Who is Ted?

I'm the father of two beautiful daughters and an amazing wife. For fun, I enjoy the long hours of seemingly endless suffering that endurance sports (mostly running, cycling and triathlon)provide. During my "down time" I'm an avid beer snob and self-described gourmet chef (in other words I like to burn things on a stove or grill).

Sunday, September 29, 2013

Considering the Pros and Cons of Austin 70.3

This weekend has been centered around continued training for the upcoming Ironman 70.3 in about a month.   There are about 3 good weeks of training left until it's time to shut it down a bit before the big race.  As expected, training has been a bit of a challenge with work and family commitments coming first.  Still, I've been getting in at least one long run/ ride each weekend including a 20 mile run and a 40 mile ride the last couple of days.  I also managed to get back into the pool last week after a two week hiatus (unplanned).
20 mile run to and from the local U-Haul.
In the next few weeks I'll be sitting down to create a race plan that will include possible finishing times.  While there is still some training to do, I think there are a lot of upsides to this race.
1) Altitude: The race is much lower and altitude than Pueblo which should translate into a bit more oxygen in the air.  More oxygen should help with overall performance.
View of the Austin Bike Course
2) Bike Course: There's a whopping total of about 846 feet of elevation gain on the course.  Compare that to my relatively flat ride today (I was actually seeking out some hills) which had an elevation gain of more than 1,400 feet.  The profile of course makes it look more challenging, but a careful study reveals that even most of the steeper climbs are actually spread out over a few miles.  For example, there is a climb of 150+feet that begins around mile 12 of the race.  It reaches the peak at approximately 15-16 miles which works out to an Everest-like 40-50 feet of gain per mile.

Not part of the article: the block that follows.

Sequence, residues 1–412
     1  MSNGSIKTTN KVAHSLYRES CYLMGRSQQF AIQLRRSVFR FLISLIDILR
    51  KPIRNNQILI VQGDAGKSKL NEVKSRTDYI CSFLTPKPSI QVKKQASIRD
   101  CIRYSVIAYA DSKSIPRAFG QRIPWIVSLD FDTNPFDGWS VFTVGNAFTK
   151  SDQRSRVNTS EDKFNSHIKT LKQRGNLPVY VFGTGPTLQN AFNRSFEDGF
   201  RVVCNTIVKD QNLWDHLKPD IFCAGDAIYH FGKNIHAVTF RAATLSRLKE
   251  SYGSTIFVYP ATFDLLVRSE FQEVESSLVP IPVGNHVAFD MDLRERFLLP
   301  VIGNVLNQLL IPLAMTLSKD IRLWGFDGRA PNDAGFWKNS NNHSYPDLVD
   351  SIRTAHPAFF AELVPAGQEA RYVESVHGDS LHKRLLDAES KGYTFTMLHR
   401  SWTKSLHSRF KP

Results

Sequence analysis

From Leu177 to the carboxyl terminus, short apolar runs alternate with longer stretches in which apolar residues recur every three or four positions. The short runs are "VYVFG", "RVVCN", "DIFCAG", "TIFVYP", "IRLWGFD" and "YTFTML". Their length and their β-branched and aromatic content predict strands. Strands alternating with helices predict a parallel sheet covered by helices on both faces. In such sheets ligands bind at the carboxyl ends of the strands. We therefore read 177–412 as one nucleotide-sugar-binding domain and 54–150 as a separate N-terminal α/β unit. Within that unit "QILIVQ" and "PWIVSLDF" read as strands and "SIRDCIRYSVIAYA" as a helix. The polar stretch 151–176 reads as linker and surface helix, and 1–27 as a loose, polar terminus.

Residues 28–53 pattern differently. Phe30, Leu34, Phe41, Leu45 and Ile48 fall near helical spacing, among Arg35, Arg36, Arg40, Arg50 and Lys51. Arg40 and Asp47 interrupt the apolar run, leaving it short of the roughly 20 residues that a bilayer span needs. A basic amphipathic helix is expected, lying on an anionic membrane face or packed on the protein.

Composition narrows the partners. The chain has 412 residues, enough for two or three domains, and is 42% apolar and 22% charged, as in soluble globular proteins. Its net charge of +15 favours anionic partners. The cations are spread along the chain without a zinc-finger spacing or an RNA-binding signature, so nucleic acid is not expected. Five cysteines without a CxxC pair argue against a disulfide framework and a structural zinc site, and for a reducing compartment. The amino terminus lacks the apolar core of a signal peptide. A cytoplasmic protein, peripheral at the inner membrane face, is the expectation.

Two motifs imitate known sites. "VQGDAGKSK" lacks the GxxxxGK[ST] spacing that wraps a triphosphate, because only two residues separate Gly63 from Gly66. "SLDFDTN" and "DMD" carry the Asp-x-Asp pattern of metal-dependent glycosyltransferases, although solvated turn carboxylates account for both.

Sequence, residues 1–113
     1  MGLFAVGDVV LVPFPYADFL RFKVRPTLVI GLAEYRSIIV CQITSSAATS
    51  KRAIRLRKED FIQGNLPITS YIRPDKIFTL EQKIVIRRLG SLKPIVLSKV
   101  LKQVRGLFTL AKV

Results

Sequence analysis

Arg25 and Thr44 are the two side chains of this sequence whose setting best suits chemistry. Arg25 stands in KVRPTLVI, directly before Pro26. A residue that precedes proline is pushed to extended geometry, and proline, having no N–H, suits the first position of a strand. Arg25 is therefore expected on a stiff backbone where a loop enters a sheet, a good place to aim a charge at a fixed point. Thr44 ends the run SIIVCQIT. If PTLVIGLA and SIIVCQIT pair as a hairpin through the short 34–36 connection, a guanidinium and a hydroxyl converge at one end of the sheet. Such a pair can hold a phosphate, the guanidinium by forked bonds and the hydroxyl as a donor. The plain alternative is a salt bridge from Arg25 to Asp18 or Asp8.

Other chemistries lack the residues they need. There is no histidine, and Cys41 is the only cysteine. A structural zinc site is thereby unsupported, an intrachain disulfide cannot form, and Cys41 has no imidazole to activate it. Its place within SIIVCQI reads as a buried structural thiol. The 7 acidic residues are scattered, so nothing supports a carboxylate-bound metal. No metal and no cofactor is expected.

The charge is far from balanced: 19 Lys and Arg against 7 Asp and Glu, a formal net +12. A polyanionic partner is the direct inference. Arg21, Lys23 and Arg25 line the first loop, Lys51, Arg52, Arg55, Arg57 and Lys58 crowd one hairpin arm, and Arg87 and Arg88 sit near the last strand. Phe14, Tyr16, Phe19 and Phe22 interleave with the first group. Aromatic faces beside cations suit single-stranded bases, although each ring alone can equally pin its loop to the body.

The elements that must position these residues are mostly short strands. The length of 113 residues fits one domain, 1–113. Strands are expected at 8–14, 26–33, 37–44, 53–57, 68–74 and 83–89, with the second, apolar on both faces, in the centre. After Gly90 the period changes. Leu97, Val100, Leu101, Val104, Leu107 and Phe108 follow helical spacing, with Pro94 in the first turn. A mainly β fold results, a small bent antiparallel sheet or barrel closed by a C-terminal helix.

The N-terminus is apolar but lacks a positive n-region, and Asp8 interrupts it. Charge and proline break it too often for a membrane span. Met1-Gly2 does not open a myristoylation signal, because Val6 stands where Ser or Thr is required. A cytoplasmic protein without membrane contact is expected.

It's not K2!
3) Tri Bike:  I've only done one triathlon using "You're my boy Blue!" and at the Sunset Triathlon, I recorded an average speed of about 21 mph.  I've experienced similar speeds on longer training rides with the bike as well.  However,  Sunset was an Olympic distance race, so for a 70.3, I'll plan on being a tad slower, hoping for about a 20 mph average for the ride.
4) Base training and previous performances: It's been a good year despite starting with an injury.  Since May, I've run a 50 miler, completed a 106 mile ride, and PR'd on a half-marathon.  Austin is my "A Race" so I feel fairly confident that I can achieve a personal best.
Of course there's always a flip side.  A few concerns for this race must also be considered as they can impact race performance as well.
1. Travel: Unlike most of the races I've done that have only required a few hours of travel, this one will be a much bigger trip.  Still, the fact that we will arrive on Friday means that I will get a full day of recovery before race day and that should be enough time to recuperate.  2. Separate transition areas:  I've never done a race that has two separate transition areas.  The unknown can always cause some issues.  That said, having a less congested transition area might actually be an advantage.  No way to be sure on this one.
3. Bike Course: Yes, the bike course is also an advantage, but there is some indication that the roads are a bit rough.  I previewed a little of the course on Google and it looks to be a bit of a mixed bag.  There appears to be some chip-seal in some patches, but overall the road quality doesn't look vastly different from what we have here in Southern Colorado.
4. The Unknown: Like any race there are circumstances that are beyond our control.  Inclement weather, mechanicals, or even explosive diarrhea can conspire to affect race day (here's hoping it's none of these, but especially not the latter) performance.
GI issues, while never good in any situation, can have a huge impact on Race Day performance
At the end of the day, there's no way to know for sure what will happen.  The only thing to do is keep training and preparing as time will allow.  The effort expended now will be the biggest factor in determining performance in a few weeks.

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